Psychological Elements in Death of a Salesman

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      According to Daniel E. Shneider “a great work of art is a dream turned inside out a brilliant perception and portrayal of the impossible and impermissible ways in which we hurt ourselves against reality and, failing dream out action and consequence as we sleep in our own inner universe of wishes”. Miller’s Death of a Salesman can lift a proud head of being able to stand and surpass this definition. Willy Loman, the protagonist of the play is what his dreams make him. He tries to keep up with the “maniac” of a refrigerator whose cost of operation eats up the very food it is designed to preserve, or like the twenty-five year mortgage on the house which is empty of the sons of the family by the time the father has paid for it literally with his life and life insurance. The maniacal refrigerator, the life sentencing mortgage, the ironic insurance—these things take on the aspect of sardonic gods of the mountain. These are symbols of one theme of the play—describing a society in which man is a wandering Pedlar lured from reality by the pink clouds of magic sales; talk a word in which the burden of parenthood is enormous and where the common man has nothing to sell but himself, his pride, his youth.

      The entire play is loaded with psychological implications. The play may be said to abound in psychological symbolism. At the opening of the play we see the salesman coming home carrying the two battered, black sample cases which are his cross; they are like his two sons, whom he has carried throughout his life. They are a burden to be set down with honor, yet they prove to be his coffin. His broken words, his gasping for breath proves that he has lost; control of them first as he has no control over his sons. Insanity and suicide hang on him like the axe of the final catastrophe. As the play progresses towards its finale, Willy becomes increasingly obsessed with the vision of Ben.

      Transitions of scenes and arrangements of the events in the play is suitable to its psychological nature. The first act moves from despair to false hope. The second act moves from a vestige of love to an orgy of hate and death. A deep psychological conflict dominates the play as it does in All My Sons. In both the plays, the sons get disillusioned with their fathers.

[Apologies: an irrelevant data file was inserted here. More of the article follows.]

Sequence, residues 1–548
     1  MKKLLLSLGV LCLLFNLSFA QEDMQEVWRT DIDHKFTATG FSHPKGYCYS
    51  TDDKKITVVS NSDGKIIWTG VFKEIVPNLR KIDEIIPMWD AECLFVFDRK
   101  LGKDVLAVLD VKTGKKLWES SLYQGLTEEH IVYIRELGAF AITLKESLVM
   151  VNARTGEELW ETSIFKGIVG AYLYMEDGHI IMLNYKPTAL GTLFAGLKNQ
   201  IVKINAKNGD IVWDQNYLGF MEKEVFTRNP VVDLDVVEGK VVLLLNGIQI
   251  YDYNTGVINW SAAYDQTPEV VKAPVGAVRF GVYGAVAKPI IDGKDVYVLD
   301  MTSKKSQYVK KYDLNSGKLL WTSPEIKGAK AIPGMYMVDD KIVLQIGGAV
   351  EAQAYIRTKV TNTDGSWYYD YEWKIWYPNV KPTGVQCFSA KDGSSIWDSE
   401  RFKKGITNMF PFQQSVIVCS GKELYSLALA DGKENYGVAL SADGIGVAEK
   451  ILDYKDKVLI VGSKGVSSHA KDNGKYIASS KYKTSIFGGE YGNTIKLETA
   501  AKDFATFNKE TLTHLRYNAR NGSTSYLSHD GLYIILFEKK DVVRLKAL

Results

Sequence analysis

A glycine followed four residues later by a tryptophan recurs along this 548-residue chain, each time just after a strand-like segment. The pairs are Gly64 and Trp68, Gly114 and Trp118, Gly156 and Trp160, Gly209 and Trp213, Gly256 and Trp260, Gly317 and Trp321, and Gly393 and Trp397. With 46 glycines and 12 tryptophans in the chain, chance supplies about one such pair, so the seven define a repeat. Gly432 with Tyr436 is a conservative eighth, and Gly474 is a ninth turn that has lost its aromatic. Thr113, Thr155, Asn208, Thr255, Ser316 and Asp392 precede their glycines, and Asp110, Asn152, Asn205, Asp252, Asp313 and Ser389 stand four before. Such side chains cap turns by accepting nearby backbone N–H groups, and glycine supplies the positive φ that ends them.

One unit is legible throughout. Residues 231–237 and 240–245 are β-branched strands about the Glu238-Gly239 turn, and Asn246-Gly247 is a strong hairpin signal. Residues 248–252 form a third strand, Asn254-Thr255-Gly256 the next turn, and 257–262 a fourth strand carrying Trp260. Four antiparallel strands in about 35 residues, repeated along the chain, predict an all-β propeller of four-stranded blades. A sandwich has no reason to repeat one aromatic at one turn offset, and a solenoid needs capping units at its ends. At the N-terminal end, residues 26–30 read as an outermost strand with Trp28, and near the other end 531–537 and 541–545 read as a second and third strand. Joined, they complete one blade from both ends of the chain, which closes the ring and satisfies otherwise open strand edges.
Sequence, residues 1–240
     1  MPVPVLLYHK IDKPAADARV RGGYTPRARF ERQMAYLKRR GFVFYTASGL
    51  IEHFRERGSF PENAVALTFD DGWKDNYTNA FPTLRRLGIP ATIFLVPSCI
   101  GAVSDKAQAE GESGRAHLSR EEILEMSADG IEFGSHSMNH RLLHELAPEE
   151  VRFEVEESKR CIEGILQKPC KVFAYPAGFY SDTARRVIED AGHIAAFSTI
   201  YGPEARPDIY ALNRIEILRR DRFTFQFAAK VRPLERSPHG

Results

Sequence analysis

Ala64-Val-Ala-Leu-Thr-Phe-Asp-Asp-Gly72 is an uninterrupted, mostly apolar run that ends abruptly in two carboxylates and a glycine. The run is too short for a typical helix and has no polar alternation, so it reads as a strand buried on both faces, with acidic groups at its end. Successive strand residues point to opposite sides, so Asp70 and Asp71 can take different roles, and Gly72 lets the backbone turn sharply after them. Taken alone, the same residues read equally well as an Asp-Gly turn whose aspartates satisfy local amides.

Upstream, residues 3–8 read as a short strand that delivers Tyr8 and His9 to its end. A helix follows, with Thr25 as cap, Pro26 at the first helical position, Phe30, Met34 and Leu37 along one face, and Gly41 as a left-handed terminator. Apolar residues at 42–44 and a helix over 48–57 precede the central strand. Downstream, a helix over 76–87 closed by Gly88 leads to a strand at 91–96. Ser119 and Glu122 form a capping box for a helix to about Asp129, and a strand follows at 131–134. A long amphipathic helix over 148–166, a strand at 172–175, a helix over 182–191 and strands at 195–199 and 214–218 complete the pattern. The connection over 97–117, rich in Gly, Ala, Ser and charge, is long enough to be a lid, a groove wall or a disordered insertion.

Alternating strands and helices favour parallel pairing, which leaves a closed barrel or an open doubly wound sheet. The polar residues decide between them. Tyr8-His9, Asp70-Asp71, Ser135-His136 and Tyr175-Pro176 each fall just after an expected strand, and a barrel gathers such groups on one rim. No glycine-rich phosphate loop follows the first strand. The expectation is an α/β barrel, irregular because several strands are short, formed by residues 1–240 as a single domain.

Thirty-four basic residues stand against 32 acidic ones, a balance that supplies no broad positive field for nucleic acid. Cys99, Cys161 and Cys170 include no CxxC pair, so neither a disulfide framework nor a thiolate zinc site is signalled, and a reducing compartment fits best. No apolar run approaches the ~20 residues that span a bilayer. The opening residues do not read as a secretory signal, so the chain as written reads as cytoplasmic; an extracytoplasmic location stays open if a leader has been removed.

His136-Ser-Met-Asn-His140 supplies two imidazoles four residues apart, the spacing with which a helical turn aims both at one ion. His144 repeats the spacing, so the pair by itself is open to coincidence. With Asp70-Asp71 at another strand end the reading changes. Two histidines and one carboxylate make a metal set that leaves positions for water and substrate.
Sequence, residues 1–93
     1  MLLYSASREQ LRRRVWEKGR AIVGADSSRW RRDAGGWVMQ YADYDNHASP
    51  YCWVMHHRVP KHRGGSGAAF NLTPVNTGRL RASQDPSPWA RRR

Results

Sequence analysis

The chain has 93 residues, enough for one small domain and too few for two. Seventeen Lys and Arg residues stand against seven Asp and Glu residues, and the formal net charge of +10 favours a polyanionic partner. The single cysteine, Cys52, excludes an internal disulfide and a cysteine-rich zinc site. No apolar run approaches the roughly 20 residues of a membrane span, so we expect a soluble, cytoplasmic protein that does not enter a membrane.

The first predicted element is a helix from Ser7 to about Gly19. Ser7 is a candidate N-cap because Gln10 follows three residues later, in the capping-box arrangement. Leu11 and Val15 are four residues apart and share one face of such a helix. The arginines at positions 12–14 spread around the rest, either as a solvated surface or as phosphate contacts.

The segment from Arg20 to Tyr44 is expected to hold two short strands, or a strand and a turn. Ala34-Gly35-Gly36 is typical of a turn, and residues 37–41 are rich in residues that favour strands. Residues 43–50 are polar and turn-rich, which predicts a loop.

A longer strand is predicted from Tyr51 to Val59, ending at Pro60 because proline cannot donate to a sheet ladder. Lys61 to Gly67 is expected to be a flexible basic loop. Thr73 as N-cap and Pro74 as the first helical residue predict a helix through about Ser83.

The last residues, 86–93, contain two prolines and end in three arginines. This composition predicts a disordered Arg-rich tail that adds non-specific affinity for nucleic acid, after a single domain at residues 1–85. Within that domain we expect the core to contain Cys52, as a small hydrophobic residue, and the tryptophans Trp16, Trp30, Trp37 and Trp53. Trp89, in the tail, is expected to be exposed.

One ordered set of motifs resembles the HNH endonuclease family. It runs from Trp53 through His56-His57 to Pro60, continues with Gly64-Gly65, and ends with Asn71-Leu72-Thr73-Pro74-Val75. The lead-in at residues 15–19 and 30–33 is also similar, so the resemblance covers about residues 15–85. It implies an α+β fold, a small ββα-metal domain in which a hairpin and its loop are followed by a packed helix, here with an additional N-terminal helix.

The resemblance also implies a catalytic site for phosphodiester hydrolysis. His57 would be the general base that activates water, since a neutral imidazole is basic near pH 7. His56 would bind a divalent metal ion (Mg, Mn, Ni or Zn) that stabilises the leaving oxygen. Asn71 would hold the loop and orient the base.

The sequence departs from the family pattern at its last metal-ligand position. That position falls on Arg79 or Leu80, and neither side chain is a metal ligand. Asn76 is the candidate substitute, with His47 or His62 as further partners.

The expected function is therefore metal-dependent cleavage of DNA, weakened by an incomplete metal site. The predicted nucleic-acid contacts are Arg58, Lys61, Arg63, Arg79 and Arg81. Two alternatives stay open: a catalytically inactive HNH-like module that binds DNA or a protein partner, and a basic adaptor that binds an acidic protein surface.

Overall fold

The inner psychological theme of the play also finds its manifestation in the play. To his sons, Willy Loman is not a man but a god in decay. They have tremendous faith in him, his potential and influence. But due to ‘something’ Biff has developed a strong antipathy towards his father. In the scene when Biff discovers his father involved in a clandestine, adulterous affair with a lusty woman, the myth of sexless godhood is shattered. This is the repressed scene of infidelity and smashed authority, dramatized in the restaurant.

      The play is not far from the Oedipal problem. A son finally recognizes that the father is not a sexless god but a sexual man, prone to every human temptation. But there is a little variation in the Oedipus theme in the play, a variation which says: “He who pretends to Godhood over me must fulfill his Godhood or be revealed as madman”. It is the murder of a father by all his sons that can be the theme of the play, which is an irrational Oedipal blood-bath, given seeming rationalization by converging social themes of the worn out salesman.

      The play is made psychologically effective by a castration panic. Willy is told flatly that as a salesman he is no good and never was. He is told by his nephew that at seventeen ‘something’ happened to Biff which destroyed the boy, a hint of Willy’s infidelity. In the last scene we find the climax of the Oedipal theme when Biff goes into maniacal fury at the mother’s defence of the father and exposes him as a philanderer and a fake, and is about to strike the tottering Willy. At the climactic moment, Biff who has lived like his father is overtaken by pity and love and falls weeping into the stunned father’s arms.

      Miller follows in the play, not the technique of flashback but of psychic projection, of hallucination, of the guilty expression of forbidden wishes dramatized. Willy Loman does not go back to the past. The past as in hallucination comes back to him—it comes back to him as the inner logic of his ’erupting volcanic unconscious.

      Finally, we can say that the play does seem to be the inside of Willy’s mind as Miller had intended.

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